My dentist punctuated the bad news by using a tablet to show me the x-ray. I'd like to say the coolness of using the tablet offset the pain, but I still asked for a shot of local anesthetic.
I was feeling much better as I left the dentist office — the anesthetic finally started working. Being hungry, I decided to get some lunch. I knew the numbness would be a challenge, so I went to a restaurant known for its excellent soups. As I sat down, I picked up a tablet looking to see which soup looked the best. When I decided, I placed my order using the same tablet.
The soup and service were great, so I made sure to give the waiter a good tip when I paid my bill —using the tablet. Next, I was off to my afternoon consulting gig. As I walked into the conference room with the CEO, I noticed he had a new tablet. I smiled, already knowing how this meeting was going to turn out. The topic to be discussed: do tablets make sense for their company.
The debate is over
The debate about tablets making sense in the workplace is over. They're everywhere. The onus is now on IT departments to figure out how to keep an already fragile company infrastructure safe with the influx of tablets — personal and company-owned. The learning curve is especially steep when personal tablets are allowed, each with its own idiosyncrasies.
Is there an answer?
Lots of people and companies say they have the answer. For example, MobileDevice Management technologies (MDM) have been proclaimed the way to control mobile devices attaching to the company network. MDM is not a panacea, and there are several seemingly insurmountable hurdles.
Knowing that, I'd like to discuss an approach that gets past those hurdles by using proven technology that's already hard at work in homes and offices throughout IT-land.
Virtual Desktop Infrastructure
It's called Virtual Desktop Infrastructure (VDI). I was happy to see that TechRepublic Senior Editor Teena Hammond referred to VDI in VDI growth fueled by need for flexibility, mobility. Where she explains how VDI has proven to be an effective method to secure desktops.
IT departments — by applying VDI technology to tablets — have a fighting chance against most if not all known BYOD technical challenges. VDI does that by forcing tablets to use a controlled desktop environment when they are connected to the company's IT infrastructure.Another plus is the removal of the usually overlooked legal issues I discussed in Security policies must address legal implications of BYOD when VDI technology is employed, simply because company data does not reside on the tablet.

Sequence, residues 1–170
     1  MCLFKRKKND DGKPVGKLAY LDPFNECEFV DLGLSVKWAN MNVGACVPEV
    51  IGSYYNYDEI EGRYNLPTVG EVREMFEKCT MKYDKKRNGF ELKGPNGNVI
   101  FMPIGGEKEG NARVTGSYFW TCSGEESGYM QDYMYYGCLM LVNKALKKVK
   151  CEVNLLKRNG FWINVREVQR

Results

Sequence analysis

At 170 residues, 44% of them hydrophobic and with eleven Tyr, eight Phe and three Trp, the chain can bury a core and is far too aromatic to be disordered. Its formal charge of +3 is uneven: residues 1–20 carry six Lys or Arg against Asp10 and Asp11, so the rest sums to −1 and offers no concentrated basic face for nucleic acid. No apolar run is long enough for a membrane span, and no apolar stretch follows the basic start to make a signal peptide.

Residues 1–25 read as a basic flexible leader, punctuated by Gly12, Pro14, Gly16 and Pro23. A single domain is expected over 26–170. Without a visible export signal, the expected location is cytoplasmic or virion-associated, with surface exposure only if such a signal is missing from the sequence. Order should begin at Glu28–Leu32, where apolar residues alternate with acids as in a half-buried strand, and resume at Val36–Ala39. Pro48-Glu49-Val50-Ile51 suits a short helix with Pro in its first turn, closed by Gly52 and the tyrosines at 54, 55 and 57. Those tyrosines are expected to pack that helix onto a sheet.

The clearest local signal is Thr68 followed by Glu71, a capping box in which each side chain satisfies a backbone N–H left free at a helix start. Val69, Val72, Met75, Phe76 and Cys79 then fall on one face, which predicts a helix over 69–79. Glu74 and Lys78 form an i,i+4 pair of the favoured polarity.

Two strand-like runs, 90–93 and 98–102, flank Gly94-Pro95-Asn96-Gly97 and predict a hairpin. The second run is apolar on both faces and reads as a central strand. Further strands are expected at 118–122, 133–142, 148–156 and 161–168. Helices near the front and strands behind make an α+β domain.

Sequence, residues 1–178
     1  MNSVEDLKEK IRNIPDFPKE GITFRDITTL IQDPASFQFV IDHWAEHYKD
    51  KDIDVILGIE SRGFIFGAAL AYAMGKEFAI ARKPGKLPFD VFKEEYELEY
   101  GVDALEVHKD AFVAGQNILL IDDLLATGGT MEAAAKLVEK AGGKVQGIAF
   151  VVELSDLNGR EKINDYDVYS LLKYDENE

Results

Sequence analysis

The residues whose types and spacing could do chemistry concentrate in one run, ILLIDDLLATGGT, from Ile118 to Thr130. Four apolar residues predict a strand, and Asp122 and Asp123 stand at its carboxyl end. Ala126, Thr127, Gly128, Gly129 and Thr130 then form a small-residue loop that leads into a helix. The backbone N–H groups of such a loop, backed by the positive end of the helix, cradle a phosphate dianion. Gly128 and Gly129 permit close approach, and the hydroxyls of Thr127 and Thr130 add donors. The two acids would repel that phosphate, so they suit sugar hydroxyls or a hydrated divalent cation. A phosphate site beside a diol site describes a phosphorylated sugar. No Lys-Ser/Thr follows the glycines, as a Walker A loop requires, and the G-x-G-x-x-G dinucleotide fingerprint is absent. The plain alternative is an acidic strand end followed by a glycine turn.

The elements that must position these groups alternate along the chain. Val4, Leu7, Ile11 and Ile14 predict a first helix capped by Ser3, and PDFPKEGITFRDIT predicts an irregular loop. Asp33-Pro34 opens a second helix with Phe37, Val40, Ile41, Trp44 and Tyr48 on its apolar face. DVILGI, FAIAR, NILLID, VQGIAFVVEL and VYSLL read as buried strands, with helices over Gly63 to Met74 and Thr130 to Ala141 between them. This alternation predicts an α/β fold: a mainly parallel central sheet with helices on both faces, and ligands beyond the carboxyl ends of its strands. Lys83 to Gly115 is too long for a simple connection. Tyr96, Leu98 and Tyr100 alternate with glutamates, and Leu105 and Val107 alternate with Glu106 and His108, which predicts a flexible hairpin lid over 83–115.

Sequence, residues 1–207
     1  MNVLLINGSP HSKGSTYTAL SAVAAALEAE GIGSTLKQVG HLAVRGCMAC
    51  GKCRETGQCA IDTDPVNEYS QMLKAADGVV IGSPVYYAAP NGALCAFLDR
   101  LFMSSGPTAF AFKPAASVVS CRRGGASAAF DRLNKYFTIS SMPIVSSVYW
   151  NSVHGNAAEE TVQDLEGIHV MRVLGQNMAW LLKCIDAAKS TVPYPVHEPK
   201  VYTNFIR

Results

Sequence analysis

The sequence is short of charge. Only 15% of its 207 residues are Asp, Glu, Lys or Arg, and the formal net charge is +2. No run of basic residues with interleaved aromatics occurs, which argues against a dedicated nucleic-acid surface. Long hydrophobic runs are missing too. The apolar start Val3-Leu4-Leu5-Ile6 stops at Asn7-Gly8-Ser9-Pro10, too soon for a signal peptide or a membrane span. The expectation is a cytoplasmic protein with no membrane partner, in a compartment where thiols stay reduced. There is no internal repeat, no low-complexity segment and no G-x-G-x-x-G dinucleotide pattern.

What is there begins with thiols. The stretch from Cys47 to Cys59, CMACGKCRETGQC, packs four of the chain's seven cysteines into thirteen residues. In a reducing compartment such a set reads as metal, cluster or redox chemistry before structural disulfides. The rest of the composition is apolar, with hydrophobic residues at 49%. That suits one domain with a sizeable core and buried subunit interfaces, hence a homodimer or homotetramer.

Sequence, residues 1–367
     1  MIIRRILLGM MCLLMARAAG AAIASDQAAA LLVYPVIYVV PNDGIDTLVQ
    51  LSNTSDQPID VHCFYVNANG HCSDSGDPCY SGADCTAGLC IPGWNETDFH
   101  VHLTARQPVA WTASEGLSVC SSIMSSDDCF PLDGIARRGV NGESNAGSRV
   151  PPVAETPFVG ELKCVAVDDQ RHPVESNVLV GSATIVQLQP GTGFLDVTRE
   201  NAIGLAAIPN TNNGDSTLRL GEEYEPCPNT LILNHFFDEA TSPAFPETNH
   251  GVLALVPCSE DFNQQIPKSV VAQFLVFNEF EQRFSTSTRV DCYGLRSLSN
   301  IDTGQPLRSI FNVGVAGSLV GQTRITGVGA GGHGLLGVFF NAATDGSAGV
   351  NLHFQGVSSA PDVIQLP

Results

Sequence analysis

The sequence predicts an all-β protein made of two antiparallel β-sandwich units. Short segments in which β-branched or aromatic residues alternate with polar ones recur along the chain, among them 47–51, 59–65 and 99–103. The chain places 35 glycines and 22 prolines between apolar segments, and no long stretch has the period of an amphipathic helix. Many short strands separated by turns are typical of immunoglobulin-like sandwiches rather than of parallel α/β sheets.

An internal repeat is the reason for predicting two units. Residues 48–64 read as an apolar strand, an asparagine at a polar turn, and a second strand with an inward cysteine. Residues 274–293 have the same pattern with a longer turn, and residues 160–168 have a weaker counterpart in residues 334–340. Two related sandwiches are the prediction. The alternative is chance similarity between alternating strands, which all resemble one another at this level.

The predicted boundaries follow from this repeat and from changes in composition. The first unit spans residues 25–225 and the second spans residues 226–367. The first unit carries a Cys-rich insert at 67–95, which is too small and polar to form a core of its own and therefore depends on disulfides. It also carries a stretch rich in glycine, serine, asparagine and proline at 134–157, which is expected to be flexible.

How does VDI work on tablets?
VDI for mobile devices uses two approaches:
- Client-based mobile VDI: This
approach uses an installed client on the tablet. The client creates a virtual
session between the tablet and the company's servers, giving the illusion of
residing in the normal work-computing environment.
- Browser-based mobile VDI: If there is a compatibility problem between the VDI client application and the tablet's operating system, the browser-based version will work. All the tablet needs is an installed mobile web browser.
One of the nice things about using a virtual desktop is user familiarity. If the office environment is Windows-based, but the employee prefers an Apple product, mobile VDI allows the employee to have the best of both worlds. Some additional benefits:
for mobile devices allows the user to access personal data, work data, and the
two do not intermix.
Using virtual environments eliminates the need to install business-related applications on every tablet, especially useful when business-specific apps are not ported to mobile operating systems.
Still not the full answer
Mobile VDI comes close, very close to solving the security and technical challenges that have stalled IT departments from blessing the use of tablets. However, I would be remiss by not acknowledging that there are challenges.
For example, Mobile VDI is completely reliant on having a connection back to the company's servers. A more pressing challenge will be the increased demands, as mentioned by TechRepublic's Scott Matteson in this article, on the company's internal network and Internet portal because of the additional bandwidth required by devices using VDI technology.
As I alluded to in the beginning, tablets are here to stay, and they should. I would be lost without mine. We just have to make sure we are not opening yet another door, making it easier for bad guys to sneak-in.
If you are interested in more details, this white paper sponsored by CDWG.com is a good resource.
Information is my field...Writing is my passion...Coupling the two is my mission.